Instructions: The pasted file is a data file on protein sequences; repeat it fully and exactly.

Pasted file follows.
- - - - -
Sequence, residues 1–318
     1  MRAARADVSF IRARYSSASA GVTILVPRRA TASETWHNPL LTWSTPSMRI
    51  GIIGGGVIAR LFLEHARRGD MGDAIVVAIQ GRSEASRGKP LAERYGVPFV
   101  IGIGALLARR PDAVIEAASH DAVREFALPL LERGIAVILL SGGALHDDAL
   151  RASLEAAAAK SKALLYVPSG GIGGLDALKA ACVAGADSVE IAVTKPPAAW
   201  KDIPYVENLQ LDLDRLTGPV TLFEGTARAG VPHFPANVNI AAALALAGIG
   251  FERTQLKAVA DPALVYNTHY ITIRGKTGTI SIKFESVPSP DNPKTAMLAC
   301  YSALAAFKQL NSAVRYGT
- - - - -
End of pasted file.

Sequence, residues 1–318
     1  MRAARADVSF IRARYSSASA GVTILVPRRA TASETWHNPL LTWSTPSMRI
    51  GIIGGGVIAR LFLEHARRGD MGDAIVVAIQ GRSEASRGKP LAERYGVPFV
   101  IGIGALLARR PDAVIEAASH DAVREFALPL LERGIAVILL SGGALHDDAL
   151  RASLEAAAAK SKALLYVPSG GIGGLDALKA ACVAGADSVE IAVTKPPAAW
   201  KDIPYVENLQ LDLDRLTGPV TLFEGTARAG VPHFPANVNI AAALALAGIG
   251  FERTQLKAVA DPALVYNTHY ITIRGKTGTI SIKFESVPSP DNPKTAMLAC
   301  YSALAAFKQL NSAVRYGT